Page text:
November 29, 2005 - CCA Wattis Institute for Contemporary Arts - A Brief History of Invisible Art
November 29, 2005

A Brief History of Invisible Art

A Brief History of Invisible Art
30 November 2005 - 21 February 2006

CCA Wattis Institute for Contemporary Arts 
Logan Galleries
1111 Eighth Street
San Francisco

Opening reception: November 30, 78:30 p.m.

Tom Friedman, Untitled (A Curse), 1992. Courtesy Feature Inc., New York <i>A Brief History of Invisible Art

Curated by Ralph Rugoff

Also opening November 30, 7-8:30 p.m.: Capp Street Project 2005: Jeanne Dunning
Artur Zmijewski:Repetition

A Brief History of Invisible Art
Art & Language, Michael Asher, Robert Barry, James Lee Byars, Maurizio Cattelan, Jay Chung, Trisha Donnelly, Tom Friedman, Carsten Höller, Bethan Huws, Bruno Jakob, Yves Klein, Glenn Ligon, Jonathan Monk, Gianni Motti and Andy Warhol.
A Brief History of Invisible Art brings together artworks from six decades that place a pronounced emphasis on the conceptual and communicative possibilities of the work of art, while bypassing its seeming requirements of visibility and materiality. In surveying this terrain, the exhibition includes works that represent a wide range of aesthetic practices and that engage with surprisingly diverse concerns. Whether underscoring the role of the audience, mocking the theological aura of museum rhetoric or calling attention to the importance of linguistic description in cultural production, these works prompt us to see through the more grandiose distractions of contemporary art and so to think more clearly about its underlying functions.

68 pp. fully illustrated catalog with essay by Ralph Rugoff available (to order, contact: Deborah Sprzeuzkouski 415.551.9202)

Capp Street Project: Jeanne Dunning (November 30, 2005February 21, 2006)
Capp Street Project artist in residence Jeanne Dunning presents new work elaborating on her continuing investigation of equivocal photographic representations that evoke disturbing, often corporeal associations. Centering around a series of large-scale photographs depicting a red color-fieldthe aftermath of an eleven-person action inspired by the La Tomatina festival in SpainDunnings installation explores the boundaries between the sublime and the grotesque, while probing the viewers instinctive visceral reaction.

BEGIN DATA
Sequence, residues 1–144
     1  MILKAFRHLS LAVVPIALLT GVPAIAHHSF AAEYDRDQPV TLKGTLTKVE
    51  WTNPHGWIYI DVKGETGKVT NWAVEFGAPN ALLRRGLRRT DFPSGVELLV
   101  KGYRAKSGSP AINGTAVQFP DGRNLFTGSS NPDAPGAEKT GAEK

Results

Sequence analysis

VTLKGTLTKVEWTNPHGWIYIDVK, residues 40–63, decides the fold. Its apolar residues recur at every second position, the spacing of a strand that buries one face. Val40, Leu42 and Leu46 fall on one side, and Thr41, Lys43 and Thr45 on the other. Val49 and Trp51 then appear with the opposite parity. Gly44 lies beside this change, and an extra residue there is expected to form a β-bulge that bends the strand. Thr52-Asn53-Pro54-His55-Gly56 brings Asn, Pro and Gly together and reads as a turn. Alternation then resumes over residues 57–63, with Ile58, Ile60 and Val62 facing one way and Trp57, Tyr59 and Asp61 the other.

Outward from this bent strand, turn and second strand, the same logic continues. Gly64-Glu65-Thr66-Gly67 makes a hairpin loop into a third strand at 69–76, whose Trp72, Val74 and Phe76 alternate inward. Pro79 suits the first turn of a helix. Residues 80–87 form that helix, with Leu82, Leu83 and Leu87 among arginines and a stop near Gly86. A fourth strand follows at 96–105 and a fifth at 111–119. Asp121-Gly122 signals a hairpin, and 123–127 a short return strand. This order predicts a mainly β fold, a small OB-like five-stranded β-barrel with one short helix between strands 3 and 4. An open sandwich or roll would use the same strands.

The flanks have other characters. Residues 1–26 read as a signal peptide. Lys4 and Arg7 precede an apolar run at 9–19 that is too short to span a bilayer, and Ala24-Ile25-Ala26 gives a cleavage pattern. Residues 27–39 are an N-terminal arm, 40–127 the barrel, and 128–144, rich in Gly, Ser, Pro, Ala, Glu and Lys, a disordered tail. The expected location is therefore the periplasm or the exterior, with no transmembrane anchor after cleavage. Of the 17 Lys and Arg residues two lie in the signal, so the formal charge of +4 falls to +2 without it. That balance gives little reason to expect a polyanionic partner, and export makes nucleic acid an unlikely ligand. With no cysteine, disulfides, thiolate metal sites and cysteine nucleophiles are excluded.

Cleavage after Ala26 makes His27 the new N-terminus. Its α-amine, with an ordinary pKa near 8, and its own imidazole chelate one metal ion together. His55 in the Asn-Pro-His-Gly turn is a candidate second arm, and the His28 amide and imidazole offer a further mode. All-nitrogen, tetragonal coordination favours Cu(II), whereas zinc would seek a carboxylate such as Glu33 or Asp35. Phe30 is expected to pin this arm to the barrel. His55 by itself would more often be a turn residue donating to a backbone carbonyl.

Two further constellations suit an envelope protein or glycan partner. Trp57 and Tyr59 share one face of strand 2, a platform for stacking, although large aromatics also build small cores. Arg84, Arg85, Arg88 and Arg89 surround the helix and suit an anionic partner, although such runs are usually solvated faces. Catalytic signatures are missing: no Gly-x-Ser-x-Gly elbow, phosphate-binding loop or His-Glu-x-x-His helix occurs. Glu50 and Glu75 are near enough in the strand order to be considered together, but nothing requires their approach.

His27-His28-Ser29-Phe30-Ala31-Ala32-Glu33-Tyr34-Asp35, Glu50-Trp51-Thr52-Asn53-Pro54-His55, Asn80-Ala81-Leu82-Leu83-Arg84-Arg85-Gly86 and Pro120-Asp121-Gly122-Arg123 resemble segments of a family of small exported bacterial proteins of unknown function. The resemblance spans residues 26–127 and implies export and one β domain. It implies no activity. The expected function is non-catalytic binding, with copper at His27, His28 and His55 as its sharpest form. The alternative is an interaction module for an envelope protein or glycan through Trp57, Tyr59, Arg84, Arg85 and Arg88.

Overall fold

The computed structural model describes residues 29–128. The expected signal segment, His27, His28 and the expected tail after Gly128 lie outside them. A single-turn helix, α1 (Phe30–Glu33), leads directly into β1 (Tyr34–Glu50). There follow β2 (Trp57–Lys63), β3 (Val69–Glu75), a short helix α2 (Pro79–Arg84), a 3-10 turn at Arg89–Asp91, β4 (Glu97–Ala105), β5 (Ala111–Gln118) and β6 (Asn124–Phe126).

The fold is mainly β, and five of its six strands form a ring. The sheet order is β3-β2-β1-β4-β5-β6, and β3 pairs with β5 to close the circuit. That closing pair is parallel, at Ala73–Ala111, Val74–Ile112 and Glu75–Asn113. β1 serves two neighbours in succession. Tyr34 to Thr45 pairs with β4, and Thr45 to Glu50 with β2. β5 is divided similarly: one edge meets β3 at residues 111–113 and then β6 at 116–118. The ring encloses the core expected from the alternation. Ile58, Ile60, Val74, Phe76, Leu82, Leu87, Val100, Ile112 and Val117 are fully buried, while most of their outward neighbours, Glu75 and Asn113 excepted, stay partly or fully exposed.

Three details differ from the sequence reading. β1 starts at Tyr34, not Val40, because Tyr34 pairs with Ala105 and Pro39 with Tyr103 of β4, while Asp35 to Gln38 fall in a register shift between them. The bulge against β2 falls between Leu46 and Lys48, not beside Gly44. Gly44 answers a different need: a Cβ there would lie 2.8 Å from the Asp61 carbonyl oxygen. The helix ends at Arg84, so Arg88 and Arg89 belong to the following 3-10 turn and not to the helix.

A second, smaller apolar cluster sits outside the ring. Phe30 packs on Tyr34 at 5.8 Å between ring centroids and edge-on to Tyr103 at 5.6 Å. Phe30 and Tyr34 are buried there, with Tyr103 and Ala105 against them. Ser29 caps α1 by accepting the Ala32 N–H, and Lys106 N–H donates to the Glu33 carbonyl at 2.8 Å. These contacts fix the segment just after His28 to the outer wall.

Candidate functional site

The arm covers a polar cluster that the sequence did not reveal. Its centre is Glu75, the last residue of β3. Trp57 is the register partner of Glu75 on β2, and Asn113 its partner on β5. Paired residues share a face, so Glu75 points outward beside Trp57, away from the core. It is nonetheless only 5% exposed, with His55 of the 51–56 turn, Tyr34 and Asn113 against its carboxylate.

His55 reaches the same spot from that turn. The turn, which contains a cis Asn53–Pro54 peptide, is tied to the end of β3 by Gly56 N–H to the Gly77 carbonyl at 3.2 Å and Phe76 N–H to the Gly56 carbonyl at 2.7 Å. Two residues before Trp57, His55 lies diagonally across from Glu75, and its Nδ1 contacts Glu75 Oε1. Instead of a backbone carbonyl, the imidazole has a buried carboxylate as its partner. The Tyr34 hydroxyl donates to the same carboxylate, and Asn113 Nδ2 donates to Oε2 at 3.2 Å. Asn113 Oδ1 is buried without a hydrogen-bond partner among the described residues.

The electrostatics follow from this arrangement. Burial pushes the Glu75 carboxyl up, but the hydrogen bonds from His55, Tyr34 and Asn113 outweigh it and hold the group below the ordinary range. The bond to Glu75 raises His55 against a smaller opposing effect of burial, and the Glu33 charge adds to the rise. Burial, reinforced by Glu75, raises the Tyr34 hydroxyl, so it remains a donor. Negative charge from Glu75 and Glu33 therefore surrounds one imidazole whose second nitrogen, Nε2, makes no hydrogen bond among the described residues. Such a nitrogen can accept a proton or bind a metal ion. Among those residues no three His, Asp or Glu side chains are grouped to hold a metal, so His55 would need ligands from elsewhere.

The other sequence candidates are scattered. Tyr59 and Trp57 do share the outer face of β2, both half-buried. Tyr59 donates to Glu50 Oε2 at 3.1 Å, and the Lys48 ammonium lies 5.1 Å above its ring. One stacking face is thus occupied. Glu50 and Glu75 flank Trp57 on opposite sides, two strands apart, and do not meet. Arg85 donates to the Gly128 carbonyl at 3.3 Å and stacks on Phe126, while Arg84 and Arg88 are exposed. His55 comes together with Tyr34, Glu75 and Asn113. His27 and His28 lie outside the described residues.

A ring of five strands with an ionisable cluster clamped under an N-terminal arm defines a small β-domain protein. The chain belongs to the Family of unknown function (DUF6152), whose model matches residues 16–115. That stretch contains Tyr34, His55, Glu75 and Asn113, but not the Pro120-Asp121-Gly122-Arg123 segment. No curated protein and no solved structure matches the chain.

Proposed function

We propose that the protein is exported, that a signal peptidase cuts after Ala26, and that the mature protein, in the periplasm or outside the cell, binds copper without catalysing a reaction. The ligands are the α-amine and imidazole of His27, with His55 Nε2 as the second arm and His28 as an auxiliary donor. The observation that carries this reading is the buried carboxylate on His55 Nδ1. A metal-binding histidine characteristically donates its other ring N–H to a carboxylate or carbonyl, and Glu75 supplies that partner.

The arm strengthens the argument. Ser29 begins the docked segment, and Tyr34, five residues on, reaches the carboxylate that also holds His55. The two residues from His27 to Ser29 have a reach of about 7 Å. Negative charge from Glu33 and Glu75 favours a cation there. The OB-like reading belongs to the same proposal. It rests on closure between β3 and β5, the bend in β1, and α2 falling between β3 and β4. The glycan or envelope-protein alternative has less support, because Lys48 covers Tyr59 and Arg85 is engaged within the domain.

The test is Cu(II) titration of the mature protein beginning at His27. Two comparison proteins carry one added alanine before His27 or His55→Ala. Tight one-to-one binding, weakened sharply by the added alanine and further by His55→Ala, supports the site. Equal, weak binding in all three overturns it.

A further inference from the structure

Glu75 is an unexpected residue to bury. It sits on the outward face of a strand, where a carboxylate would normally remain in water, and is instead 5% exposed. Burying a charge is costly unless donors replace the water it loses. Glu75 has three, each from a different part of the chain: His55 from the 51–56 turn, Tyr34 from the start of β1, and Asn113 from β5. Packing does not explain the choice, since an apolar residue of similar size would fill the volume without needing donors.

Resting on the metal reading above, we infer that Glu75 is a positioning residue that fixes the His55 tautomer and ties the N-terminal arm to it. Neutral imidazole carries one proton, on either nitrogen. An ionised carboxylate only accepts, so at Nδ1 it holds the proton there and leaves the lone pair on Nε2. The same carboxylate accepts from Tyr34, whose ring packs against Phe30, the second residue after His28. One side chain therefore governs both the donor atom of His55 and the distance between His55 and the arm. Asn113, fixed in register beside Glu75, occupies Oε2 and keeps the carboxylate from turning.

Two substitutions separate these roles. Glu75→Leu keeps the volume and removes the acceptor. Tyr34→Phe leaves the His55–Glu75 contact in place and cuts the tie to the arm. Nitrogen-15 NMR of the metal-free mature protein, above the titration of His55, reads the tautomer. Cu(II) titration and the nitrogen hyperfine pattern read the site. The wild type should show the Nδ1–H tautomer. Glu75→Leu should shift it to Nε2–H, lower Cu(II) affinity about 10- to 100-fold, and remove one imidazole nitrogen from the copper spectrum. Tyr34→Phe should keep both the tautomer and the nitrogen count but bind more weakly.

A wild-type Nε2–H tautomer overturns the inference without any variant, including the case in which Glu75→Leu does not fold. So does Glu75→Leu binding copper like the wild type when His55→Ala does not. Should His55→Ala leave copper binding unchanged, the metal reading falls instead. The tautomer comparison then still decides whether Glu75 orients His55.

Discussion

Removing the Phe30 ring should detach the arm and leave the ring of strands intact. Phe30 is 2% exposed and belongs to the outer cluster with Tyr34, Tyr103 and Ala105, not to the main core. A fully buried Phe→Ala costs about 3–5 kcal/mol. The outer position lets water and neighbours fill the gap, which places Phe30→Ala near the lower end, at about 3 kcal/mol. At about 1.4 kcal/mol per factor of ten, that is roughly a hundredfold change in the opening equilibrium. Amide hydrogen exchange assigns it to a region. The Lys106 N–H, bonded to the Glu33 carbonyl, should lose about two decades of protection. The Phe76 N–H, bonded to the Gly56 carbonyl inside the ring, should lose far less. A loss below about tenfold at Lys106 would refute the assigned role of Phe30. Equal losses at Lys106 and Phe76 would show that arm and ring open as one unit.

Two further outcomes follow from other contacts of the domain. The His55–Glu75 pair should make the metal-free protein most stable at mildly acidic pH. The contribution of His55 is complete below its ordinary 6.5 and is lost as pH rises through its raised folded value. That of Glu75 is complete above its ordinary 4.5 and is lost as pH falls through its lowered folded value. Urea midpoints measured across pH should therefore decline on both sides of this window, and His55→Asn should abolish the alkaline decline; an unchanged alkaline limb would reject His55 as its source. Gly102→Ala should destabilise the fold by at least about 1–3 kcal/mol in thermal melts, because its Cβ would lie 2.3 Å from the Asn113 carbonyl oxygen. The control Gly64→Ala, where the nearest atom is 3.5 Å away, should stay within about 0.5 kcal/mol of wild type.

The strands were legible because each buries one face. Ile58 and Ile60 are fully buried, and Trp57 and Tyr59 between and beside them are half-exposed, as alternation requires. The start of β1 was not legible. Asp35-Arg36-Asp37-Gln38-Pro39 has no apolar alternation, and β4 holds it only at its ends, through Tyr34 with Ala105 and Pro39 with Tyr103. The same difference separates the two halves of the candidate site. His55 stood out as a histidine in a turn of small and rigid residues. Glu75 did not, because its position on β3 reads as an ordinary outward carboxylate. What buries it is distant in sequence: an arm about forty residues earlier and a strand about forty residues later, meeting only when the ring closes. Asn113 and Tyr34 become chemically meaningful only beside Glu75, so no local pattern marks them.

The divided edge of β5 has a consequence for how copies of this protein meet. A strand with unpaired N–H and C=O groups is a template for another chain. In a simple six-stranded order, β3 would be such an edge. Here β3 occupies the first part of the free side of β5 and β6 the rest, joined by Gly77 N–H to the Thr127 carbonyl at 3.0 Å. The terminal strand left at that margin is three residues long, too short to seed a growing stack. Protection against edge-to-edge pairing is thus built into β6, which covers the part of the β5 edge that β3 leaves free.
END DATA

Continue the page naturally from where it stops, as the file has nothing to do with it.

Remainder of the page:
Artur Zmijewski: Repetition (November 30, 2005February 21, 2006)
Artur Zmijewskis film Repetition (2005) is a complex and riveting documentary of his restaging of the 1971 Stanford Prison Experiment. In place of college students, Zmijewski hired unemployed Polish men to enact the roles of prisoners and guards in a simulated prison environment. Filmed with hidden cameras, their behavior quickly progresses from play-acting to acts of seemingly genuine frustration and anger. Confrontations between prisoners and guards escalate ominously. Just when it seems that Zmijewskis experiment will replicate the traumatic results of the original, things take an unexpected turn, in a manner that raises questions about the differences between art and science, and whether either can offer convincing conclusions about human nature.

Artur Zmijewski and Professor Philip Zimbardo (originator of the Stanford Prison Experiment) in conversation
November 30, 67:30 p.m.

For further information on the CCA Wattis Institute please visit
CCA Wattis Institute for Contemporary Arts
Logan Galleries
1111 Eighth Street
San Francisco
Gallery hours:
Tuesday and Thursday, 11 a.m.7 p.m.; Wednesday, Thursday, Saturday, 11 a.m.6 p.m.; closed Sunday, Monday.

Established in 1998, the CCA Wattis Institute serves as a forum for the presentation and discussion of leading-edge local, national and international contemporary culture.

CCA Wattis Institute for Contemporary Arts
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